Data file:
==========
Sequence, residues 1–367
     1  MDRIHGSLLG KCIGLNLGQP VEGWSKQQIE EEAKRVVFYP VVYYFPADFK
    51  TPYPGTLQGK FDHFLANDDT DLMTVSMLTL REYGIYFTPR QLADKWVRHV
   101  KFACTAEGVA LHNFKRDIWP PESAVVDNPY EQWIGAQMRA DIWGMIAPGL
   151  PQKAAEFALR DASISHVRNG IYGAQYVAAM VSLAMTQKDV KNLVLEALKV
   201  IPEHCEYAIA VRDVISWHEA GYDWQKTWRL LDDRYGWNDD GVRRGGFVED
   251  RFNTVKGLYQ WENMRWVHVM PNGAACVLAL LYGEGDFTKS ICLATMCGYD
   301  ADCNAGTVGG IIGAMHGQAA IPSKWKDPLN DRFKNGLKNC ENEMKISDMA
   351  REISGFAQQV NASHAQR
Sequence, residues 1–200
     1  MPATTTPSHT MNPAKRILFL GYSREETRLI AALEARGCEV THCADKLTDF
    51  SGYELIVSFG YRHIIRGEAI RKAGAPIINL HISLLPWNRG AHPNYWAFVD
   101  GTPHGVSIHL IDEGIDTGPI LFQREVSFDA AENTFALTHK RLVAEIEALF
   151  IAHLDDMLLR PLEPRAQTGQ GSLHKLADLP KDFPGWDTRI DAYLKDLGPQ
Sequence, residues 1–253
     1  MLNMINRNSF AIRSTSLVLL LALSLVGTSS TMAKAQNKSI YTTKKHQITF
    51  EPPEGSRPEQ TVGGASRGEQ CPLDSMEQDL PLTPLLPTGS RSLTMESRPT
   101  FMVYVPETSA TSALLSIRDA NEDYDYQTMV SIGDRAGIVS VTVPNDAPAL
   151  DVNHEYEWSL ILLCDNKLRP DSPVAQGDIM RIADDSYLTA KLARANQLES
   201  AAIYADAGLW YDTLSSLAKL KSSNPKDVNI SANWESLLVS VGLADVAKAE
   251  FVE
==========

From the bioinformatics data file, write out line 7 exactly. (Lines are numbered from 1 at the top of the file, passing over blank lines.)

   251  RFNTVKGLYQ WENMRWVHVM PNGAACVLAL LYGEGDFTKS ICLATMCGYD